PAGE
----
World Building When You Have No Set System

World Building When You Have No Set System
May 31, 2017 No Comments » For Authors, Writing Advice Tiffany Woodbeck

When delving into the process of world building, many topics need to be considered. Coming up with the bones, flesh, and blood of the story’s body is, quite frankly, an intimidating prospect. It takes time to develop a system to bring them together.

What are the people like? Are they humanoid? Do they have pointy ears? Are their teeth in unexpected places? The possibilities are endless. Not only are there the cultures to consider—religions, social structures, types of government, magic systems, and details about the people themselves—but also the characters that bring the story to life. Their backstories will be directly affected by their environment’s history.


Keeping track of the details


So, what do you do when you haven’t established a system to navigate the labyrinthine task? First off, keep track of what you’ve done. If you aren’t someone who works well with visual aids, try to make a checklist of what you’re covering. Personally, I’ve gathered a bevy of programs to help me make sense of what I affectionately call my “organized chaos.” Software like Scapple, Scrivener, and Aeon Timeline 2 help to form connections, store notes/organize the plot, and track time progression. It doesn’t matter what you use as long as it’s not a distraction. Less complicated methods can be a great help as well. Pencil and paper, name generators, randomizers for assigning attributes—these are fine. They just need to serve a purpose.

[bctt tweet=”#Scapple, #Scrivener, and #Aeon Timeline 2 help to form connections, store notes/organize the plot, and track time progression. #writingtips #WednesdayWisdom” username=”woodlandbeck”]


Filling in the blanks


After figuring out some of the meaty details, it’s time to fill in the blanks.

…Where did those crickets come from?

Sometimes it’s easy to lose concentration, to let your focus lapse or become overwhelmed. In my case, it’s like I trip and land on my face. When you’re working on one topic and another sneaks in to throw you off balance, it’s frustrating. Do not be afraid to skip around. If character ideas pop into your head while working on a government’s structure, something triggered those thoughts. Write it down before you lose it. It’s important to remember it all ties together. I picture an intricate weave, the story rising, falling, circling, and integrating with mind boggling results.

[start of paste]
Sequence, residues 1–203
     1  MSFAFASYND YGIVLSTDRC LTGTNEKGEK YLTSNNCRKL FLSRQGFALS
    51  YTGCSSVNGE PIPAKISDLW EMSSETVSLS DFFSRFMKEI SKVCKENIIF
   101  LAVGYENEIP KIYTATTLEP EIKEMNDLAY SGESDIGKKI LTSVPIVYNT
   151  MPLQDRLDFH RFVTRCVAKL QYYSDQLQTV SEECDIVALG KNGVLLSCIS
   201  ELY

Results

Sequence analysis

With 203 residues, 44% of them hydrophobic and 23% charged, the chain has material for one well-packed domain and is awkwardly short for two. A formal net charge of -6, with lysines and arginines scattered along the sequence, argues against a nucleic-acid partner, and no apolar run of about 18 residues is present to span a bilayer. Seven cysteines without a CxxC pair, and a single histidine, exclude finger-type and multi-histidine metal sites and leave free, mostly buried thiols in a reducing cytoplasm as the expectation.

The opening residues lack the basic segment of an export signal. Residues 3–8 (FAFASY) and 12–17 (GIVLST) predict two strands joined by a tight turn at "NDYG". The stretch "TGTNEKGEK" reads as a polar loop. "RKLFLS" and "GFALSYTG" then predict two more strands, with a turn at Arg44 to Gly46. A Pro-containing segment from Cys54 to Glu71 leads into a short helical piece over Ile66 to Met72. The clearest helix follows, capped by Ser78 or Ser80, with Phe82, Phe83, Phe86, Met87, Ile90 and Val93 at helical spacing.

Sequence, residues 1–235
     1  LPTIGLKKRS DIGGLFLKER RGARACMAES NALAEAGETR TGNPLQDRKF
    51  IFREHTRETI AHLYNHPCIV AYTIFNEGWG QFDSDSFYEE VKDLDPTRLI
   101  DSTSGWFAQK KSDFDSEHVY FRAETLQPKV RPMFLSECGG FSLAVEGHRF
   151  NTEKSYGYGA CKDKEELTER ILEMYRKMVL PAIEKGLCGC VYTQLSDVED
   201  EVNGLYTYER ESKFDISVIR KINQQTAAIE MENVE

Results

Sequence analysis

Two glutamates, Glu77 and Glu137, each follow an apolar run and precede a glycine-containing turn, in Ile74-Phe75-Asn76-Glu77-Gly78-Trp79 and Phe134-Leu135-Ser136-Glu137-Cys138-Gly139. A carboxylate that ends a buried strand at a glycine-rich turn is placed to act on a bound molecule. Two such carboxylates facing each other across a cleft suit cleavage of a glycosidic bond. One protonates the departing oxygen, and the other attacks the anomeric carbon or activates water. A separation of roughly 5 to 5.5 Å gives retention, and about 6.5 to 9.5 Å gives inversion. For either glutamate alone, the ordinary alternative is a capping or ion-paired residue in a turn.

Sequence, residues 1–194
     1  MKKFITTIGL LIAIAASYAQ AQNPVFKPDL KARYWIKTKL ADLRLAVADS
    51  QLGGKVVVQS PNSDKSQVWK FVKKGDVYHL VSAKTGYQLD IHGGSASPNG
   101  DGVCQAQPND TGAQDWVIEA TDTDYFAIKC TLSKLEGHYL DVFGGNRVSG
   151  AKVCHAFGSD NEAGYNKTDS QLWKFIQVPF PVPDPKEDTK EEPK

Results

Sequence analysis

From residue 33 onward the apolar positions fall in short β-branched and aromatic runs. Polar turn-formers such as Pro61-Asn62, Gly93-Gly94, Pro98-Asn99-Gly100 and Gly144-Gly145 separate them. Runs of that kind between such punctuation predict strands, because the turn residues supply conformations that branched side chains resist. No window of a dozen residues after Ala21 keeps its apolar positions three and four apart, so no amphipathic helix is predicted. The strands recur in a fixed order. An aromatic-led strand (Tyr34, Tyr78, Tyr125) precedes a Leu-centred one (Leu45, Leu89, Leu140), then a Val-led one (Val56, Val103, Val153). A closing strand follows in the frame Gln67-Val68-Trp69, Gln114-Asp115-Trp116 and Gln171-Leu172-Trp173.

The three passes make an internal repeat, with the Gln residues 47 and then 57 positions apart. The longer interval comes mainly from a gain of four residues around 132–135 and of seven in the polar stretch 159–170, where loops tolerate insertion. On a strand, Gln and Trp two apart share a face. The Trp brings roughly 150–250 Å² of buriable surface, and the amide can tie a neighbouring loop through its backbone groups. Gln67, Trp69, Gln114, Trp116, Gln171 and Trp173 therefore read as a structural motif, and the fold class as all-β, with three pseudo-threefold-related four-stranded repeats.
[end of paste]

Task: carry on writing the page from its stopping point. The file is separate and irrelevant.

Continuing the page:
What if you get stuck?


If you ask any writer, they will usually have their own quirks on how to handle blocks. Going over your progress can help spark another idea if you’re unsure where to go next. Are you unable to come up with a name for a character, city, or country? Something so simple can be the bane of a writer’s existence, stalling progress completely. Placeholders allow you to address it later, removing the issue so you keep making progress. There’s always the find/replace feature, right?

As far as histories go, character or otherwise, my method is simple. The best way I have found to kick the block to the curb is to add some ridiculous detail. Does James need a reason to hate Hannah? Maybe she spooked some horses. They ran into the market stalls, which of course scattered fruit into the middle of the street. James jumped out of the way and pushed a well-dressed man into the display of fish. But oops, he turned out to be the mayor, and he blamed James for the entire debacle. Oftentimes the ridiculous details stick, and they add substance to a potentially droll character.

If all else fails, soundboard off a friend. Even if you don’t use their suggestions, they can spark some much-needed inspiration.


World building is magical


I’ve covered quite a few topics, but I want to bring your attention back to one in particular. Don’t get stuck in the mindset that insists you do things in a certain order. Some people are able to make lists, methodically going through their process without deviation. I know I’m not one of them. The feat of world building is massive and magical. There are no limits to what you can create.

[bctt tweet=”Don’t get stuck in the mindset that insists you do things in a certain order. #worldbuilding #writingtips” username=”woodlandbeck”]

Tiffany Woodbeck Tiffany Woodbeck is a fantasy author and lead editor at OWS Ink, living in Seattle, WA. When she’s not writing or editing, you can find her gleaning random inspiration for other artistic pursuits from the people and settings around her. Formerly writing as Stephanie Reisen, she has one book published under her pen name. Luck of the Grave is the first short story in the Gravebound Souls series. Currently, she’s reworking her entire brand, including the book, to be under her real name.

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